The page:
The Swiss writer Peter Bichsel (born 1935) wrote a short story with the title 'Ein Tisch ist ein Tisch' (A table is a table)
about language and meaning. It is about an old man who feels tired and suffers from the fact that his day passes always in the same way.
Frustrated with his situation that nothing ever changes, he invents his own language by re-naming the objects in his room, for example,
instead of calling the bed 'bed', he calls it 'picture' and so on with all the other things. As time goes on, he starts to forget
the original names of things and as a result, he was no longer able to talk to other people and others could no longer understand him.
He ends up alone talking only to himself.
You can read the original German version here
and a translation here.
There is also a short film version in German with English subtitles here.
What is the meaning of Bichsel's short and poignant story? It's about language and the meaning of words, what is referred to as
the problem of meaning in philosophy. The meanings of words in a language have been established by cultural conventions throughout history
and must be learned within the social context and public practices of a culture. This allows us to communicate and interact with other people.
As the short story shows, a private language is incommunicable and cannot be comprehended by others. The meaning of a word is something shared,
'a shared form of life' (Lebensform) as Wittgenstein calls it. The meaning of a word also refers to its correct use.
It is normative in so far as it contains the standard observed by everyone. We learn words within the context of things.
A certain use of language means also a certain use of things, that is, words must refer to the correct things for which they were intended.
Meanings arise out of cultural interactions. Meaning, properly understood, is socially constructed.
In Semiology, a sign is the union of the signifier (spoken, expressed word/sound) and the signified (concept).
There is an inherent connection between a sign and thinking (noema, ennoia). The process of thinking creates the concept.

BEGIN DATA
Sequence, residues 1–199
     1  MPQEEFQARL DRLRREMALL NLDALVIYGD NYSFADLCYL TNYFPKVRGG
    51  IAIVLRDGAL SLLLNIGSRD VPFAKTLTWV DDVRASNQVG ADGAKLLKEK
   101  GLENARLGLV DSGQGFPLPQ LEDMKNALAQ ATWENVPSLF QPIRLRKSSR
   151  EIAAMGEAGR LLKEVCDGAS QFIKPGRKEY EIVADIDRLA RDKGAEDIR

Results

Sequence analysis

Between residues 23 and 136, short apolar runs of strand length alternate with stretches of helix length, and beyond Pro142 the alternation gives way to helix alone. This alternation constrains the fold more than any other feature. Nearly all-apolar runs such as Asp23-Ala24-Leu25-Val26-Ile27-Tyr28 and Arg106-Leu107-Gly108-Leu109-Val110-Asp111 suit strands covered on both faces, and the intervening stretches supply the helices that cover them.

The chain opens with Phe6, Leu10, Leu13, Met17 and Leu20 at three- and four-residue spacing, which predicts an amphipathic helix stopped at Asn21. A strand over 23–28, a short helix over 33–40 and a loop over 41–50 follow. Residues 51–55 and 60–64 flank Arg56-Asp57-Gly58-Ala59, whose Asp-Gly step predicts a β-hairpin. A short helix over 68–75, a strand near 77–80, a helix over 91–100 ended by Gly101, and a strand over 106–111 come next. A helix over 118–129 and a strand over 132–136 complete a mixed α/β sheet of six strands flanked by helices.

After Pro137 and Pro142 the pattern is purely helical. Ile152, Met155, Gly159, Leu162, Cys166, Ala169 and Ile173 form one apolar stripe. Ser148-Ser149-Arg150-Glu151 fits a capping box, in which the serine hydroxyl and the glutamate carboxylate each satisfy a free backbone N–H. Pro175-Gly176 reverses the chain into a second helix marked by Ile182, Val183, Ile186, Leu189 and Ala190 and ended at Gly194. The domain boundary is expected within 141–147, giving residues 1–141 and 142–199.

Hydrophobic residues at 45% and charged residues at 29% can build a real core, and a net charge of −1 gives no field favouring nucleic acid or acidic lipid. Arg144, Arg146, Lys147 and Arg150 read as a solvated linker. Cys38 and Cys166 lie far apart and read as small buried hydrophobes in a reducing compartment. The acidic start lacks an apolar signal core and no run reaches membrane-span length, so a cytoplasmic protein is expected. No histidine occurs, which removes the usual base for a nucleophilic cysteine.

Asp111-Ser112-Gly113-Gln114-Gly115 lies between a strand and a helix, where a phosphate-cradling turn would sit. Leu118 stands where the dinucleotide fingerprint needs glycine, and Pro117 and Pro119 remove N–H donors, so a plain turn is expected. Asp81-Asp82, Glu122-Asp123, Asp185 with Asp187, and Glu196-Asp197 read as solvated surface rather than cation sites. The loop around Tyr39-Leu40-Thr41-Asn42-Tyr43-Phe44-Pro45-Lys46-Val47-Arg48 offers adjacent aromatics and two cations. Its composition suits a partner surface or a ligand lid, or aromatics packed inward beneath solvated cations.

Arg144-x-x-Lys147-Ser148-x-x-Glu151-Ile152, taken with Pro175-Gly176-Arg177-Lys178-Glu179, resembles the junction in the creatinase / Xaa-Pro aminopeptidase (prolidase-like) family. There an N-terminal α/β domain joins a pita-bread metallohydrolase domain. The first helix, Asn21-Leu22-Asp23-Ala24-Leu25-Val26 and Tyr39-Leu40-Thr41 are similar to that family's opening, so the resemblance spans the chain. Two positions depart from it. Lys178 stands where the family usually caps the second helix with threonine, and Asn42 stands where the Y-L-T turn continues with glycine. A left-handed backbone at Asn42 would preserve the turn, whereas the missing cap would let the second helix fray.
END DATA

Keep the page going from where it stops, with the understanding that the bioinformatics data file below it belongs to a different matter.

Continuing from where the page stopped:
The concept signifies (= means) something, by referring to an experiential or phenomenological object.
A sign denotes something, makes something known. A sign is a mark or token or characteristic by which something can be known and recognized.
A sign points to something other than itself. It is a placeholder for an object of our experience or thought, not the object itself.
Our mind needs tokens to be able to understand and know reality, to organize and order experiential content (percepts).
Since we create signs to help us grasp and cope with reality, and signs have meaning only for us human beings (because we invented those signs),
meaning is therefore an add-on to reality and not something that can be extracted from it. Signification is the unconscious process of
generating meaning (signs) for what we perceive, experience, and think. It is an extra layer or filter added to our experience (percepts).
It is the layer of concepts (conceptualization).
The psychiatrist and philosopher Viktor Frankl (1905-1997) believed that humans are motivated by a "will to meaning," which is
the desire to find meaning in life. He developed logotherapy, a mode of psychotherapy that emphasizes the search for meaning,
which is not necessarily the search for God or any other supernatural being. Frankl argued that life can have meaning even in
the most miserable of circumstances and that the motivation for living comes from finding that meaning.
And the philosopher Nietzsche (1844-1900) wrote in his Thus Spake Zarathustra:
Truly, men have given themselves all their good and evil. Truly, they did not take it, they did not find it, it did not
descend to them as a voice from heaven.
Man first implanted values into things to maintain himself – he created the meaning of things, a human meaning!
Therefore he calls himself: 'Man', that is: the evaluator.
Evaluation is creation: hear it, you creative men! Valuating is itself the value and jewel of all valued things.
Only through evaluation is there value…
[Translated by R. J. Hollingdale, Penguin Books, 1969, p. 85]
Wahrlich, die Menschen gaben sich alles ihr Gutes und Böses. Wahrlich, sie nahmen es nicht, sie fanden es nicht, nicht fiel es
ihnen als Stimme vom Himmel.
Werte legte erst der Mensch in die Dinge, sich zu erhalten, - er schuf erst den Dingen Sinn, einen Menschen-Sinn!
Darum nennt er sich "Mensch", das ist: der Schätzende.
Schätzen ist Schaffen: hört es, ihr Schaffenden! Schätzen selber ist aller geschätzten Dinge Schatz und Kleinod.
Durch das Schätzen erst gib es Wert...
[Friederich Nietzsche: Das Hauptwerk, Band 3, Also Sprach Zarathustra, p. 62 f., nymphenburger 1990]